Simon Calder: What does Brexit mean for British tourists travelling to Europe?
With Britain, somewhat unexpectedly, voting for Brexit there may be changes in the way airlines operate between the UK and the EU, and there may be other implications for air travel from currency changes. Simon Calder, in the Independent, sets out some of the issues and what might happen. The exchange rate of the £ against the $ or the € may not only make holidays, to the EU or elsewhere, more expensive – but an increase in the price of jet fuel could happen if the £ weakens against the $. Through the “Open skies” agreement, since since 1994, any EU airline has been free to fly between any two points in Europe. This allowed easyJet and Ryanair to flourish, and forced “legacy” carriers such as BA, Air France and Lufthansa to cut fares. The UK may have to negotiates a similar arrangement to Norway, within the European Economic Area (EEA), in which case little would change. But if Britain does not join the EEA, every route between the UK and the EU might need to be renegotiated on a bilateral basis. The bureaucratic logjam would be immense. Similarly, British Airways and Virgin Atlantic have easy access to America because of an EU-US treaty on open skies. The freedom for British airlines such as easyJet to fly within and between EU countries could be curtailed; nations such as France and Italy have in the past been protectionist of their home airlines. And much more …..
What does Brexit mean for British tourists travelling to Europe?
The freedom for British airlines such as easyJet to fly within and between EU countries could be curtailed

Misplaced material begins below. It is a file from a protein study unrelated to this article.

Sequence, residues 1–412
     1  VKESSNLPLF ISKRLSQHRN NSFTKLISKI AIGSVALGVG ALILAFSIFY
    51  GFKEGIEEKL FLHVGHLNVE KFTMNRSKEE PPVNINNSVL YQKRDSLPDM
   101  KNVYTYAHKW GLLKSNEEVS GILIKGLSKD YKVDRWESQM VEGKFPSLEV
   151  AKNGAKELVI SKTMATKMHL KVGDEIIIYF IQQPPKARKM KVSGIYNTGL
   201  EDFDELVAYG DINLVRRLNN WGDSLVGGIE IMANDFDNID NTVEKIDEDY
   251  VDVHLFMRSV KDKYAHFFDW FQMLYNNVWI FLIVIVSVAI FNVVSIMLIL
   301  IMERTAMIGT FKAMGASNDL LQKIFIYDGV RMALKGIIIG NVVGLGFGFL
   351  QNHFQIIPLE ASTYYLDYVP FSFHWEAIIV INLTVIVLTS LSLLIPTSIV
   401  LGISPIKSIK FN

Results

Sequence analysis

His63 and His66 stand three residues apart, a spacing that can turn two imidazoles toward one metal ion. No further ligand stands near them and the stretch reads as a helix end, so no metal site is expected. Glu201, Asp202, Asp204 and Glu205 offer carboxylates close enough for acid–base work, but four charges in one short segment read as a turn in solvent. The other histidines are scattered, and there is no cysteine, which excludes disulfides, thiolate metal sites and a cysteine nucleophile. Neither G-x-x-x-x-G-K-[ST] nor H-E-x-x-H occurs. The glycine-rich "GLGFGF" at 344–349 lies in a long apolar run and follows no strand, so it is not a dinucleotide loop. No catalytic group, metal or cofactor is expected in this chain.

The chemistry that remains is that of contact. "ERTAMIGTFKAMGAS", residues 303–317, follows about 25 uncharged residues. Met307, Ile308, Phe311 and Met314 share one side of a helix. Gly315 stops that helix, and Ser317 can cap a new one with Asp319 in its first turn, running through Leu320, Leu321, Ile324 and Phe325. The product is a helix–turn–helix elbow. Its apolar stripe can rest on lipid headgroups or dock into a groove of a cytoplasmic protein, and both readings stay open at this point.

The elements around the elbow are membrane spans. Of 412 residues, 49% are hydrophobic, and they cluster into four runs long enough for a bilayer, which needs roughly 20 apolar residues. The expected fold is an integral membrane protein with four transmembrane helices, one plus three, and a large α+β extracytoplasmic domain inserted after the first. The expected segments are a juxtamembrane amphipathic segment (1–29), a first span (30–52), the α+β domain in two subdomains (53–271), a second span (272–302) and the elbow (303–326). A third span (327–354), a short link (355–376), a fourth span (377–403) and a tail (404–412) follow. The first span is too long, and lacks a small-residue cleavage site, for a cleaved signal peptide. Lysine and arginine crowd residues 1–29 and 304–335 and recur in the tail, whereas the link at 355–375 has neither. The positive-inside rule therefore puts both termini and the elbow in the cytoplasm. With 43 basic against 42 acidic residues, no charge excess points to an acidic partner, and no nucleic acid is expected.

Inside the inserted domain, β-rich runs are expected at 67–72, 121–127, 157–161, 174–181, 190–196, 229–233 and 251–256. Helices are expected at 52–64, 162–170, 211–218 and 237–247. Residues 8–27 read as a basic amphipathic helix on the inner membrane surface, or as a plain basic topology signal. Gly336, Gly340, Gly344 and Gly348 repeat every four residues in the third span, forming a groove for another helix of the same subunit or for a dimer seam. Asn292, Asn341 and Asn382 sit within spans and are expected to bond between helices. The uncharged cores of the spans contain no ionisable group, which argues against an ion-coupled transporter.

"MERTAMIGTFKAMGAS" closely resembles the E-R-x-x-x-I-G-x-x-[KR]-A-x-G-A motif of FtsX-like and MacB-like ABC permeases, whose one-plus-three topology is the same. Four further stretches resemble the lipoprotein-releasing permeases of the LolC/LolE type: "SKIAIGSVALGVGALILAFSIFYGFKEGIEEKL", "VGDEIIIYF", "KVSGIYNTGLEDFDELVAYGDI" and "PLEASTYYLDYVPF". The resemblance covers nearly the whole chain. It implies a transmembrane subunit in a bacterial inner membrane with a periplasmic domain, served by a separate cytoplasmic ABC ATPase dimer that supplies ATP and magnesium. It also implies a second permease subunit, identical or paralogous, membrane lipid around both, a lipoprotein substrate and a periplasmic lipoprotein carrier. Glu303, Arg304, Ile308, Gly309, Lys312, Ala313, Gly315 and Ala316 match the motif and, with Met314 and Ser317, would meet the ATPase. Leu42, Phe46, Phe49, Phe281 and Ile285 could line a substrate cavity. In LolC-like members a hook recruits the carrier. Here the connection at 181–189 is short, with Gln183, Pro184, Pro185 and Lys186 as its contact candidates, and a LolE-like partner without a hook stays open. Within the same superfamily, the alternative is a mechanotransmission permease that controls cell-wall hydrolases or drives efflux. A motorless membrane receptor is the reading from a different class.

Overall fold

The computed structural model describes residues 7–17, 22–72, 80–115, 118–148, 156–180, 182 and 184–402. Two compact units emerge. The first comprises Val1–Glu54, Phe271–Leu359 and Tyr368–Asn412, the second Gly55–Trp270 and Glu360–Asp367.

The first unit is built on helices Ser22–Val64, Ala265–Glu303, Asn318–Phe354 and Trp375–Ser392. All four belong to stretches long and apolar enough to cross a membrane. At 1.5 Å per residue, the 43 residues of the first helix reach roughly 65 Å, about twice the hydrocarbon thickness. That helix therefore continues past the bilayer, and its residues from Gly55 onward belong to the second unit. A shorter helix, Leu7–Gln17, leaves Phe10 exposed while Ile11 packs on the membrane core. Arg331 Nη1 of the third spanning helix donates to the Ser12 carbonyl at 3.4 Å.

By Simon Calder @SimonCalder (Independent)
Our most intense engagement with Europe is when we go on holiday there.
With the peak travel season about to begin, millions of British holidaymakers are about to discover the immediate effects of the Leave vote in pushing up prices abroad. Longer term, there will be more big changes.
Will holidays cost more?
In the short term, the slide in sterling to its lowest level for year means the price of everything from a cup of coffee in a cafe in Paris to a night in a luxury hotel in the Maldives will rise.
The level of the increase depends on what level the pound settles at: before the referendum, the Treasury predicted sterling would lose 12-15 per cent of its value on a Leave vote.
Longer term, the two key rates are against the euro and the dollar.
The €:£ rate is crucial because we take the majority of our foreign holidays to the single-currency area: to the Spanish costas, the French countryside, the cities of Italy and the islands of Greece.
Further afield, prices in destinations including the US, Dubai and China will rise in proportion with the strength of the dollar relative to sterling; many currencies are locked to the US$.
Even if you never venture beyond Europe, the $:£ rate is also significant. Oil is priced in dollars, as are aircraft. So a 12% fall in sterling will push up the price of petrol, diesel and aviation fuel, as well as the cost of aircraft for airlines such as British Airways and easyJet.
Will I be asked to pay more for my holiday this year – or next?
Abta, the travel association, allows holiday companies to impose surcharges “when the cost of a package holiday goes up after you booked because of currency fluctuations (the euro growing stronger against the pound, for instance) [and] rising fuel costs (for flights and cruises)”.
The firm must absorb the first 2% of any increase, and if the surcharge goes above 10 per cent then you have the right to cancel.
If you have already paid for your holiday in full, it is unlikely that you will need to pay a surcharge.
The company will probably have hedged its currency requirements for paying airlines and hoteliers. Some firms will also have hedged, at least partially, costs for 2017 holidays.